Complexity are coming off a great run at the BLAST Premier Spring Series, where they upset Astralis and Vitality in BO3s to qualify for the Spring Finals. They looked very strong individually, with poizon, oBo, and RUSH being the major standouts statistically. There is a lot of hype for this team right now and they are coming in as the favorites to win this event at odds of 4.20. There’s no denying the individual skill on this team, and they will be flying high with confidence after their recent performance. However, they are definitely beatable by a lot of the other teams in the competition.
ENCE bombed out of ICE Challenge last month without winning a single map, losing to GODSENT and OG. Things have not been easy for ENCE since they dropped Aleksib in favor of suNny back in September. Their best performance so far was probably at the CS:GO Asia Championship, where they made the finals after beating mousesports, MIBR and TYLOO in group play. If they want to get back to the top, they’re going to need sergej to return to form. The young Finn, who was one of the team’s clear standout performers in early 2019, has really struggled as of late. In addition, suNny has failed to live up to expectations so far. He had a solid showing at the Champions Cup Finals, but he was unable to replicate that form at ICE Challenge, which was one of the worst events in his career statistically.
Gen.G, most known for their League of Legends team, assembled a CS:GO roster back in September. The team most notably features in-game leader daps, who is most known for his tenure with NRG, as well as the former Cloud9 veteran, autimatic. Their most recent addition is the Indonesian player BnTeT, who is widely regarded as the strongest player in Asia. Gen.G had a bit of a shaky start in online matches, but since BnTeT made the trip over to the US to join up with his new teammates, they have started to look a bit better. DreamHack Open Anaheim will be their first tournament together, and they will probably be able to play without much pressure, as most of the hype has been about their North American counterparts; Complexity.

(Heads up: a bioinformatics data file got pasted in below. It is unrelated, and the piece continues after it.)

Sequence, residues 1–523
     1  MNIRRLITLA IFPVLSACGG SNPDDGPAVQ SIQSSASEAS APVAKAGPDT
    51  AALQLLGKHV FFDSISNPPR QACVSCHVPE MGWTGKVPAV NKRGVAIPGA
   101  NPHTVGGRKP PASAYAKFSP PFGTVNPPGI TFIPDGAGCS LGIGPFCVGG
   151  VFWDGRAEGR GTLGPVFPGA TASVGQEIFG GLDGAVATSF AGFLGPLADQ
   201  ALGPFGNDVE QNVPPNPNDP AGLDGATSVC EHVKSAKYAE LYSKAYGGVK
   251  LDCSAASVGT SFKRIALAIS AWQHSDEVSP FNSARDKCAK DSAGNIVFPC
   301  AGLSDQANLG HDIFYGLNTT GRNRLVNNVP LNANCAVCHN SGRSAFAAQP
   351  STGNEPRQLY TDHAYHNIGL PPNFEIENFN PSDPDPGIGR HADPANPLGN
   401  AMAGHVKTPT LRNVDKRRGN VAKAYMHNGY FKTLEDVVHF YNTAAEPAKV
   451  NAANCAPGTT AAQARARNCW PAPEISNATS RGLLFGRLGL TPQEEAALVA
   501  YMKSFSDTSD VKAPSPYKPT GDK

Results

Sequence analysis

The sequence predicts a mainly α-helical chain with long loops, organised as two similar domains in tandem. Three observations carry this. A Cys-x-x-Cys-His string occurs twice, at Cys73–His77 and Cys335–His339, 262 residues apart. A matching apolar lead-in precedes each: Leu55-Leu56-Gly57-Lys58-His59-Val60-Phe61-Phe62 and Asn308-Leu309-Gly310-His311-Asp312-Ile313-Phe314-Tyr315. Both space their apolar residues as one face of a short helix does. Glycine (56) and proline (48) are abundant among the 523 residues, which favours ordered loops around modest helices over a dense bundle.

MIBR might be a legendary name in Brazil, but it has been a while since they were at the top of the podium. They had yet another disappointing showing at BLAST Premier last month, bombing out of Group A with losses to Team Liquid and NiP. However, they should not be underestimated at a tournament like this where the level of competition is not as high. Their latest addition, meyern, is a fine player with excellent mechanical ability who has the potential to improve further. Personally, I would not be surprised to see MIBR do some damage here, but then again they failed to do so at cs summit at the tail end of last year, where the level of competition was similar.
This is a very open tournament, as the odds show. All the hype is about Complexity right now, and if you are a big believer in form, then I would not fault you for riding the hot hand here. There are three plays that stand out at longer odds, and that is MIBR at 5.20, North at 6.00, and forZe at 6.70. MIBR might not be competitive in Tier 1 tournaments, but they certainly have enough quality and experience to win a tournament like this. The same goes for North, a team that has an excellent track record at DreamHack Open events. As for forZe, the Russians have yet to drop a map against FURIA and ENCE, and they are more solid than some of the other teams here.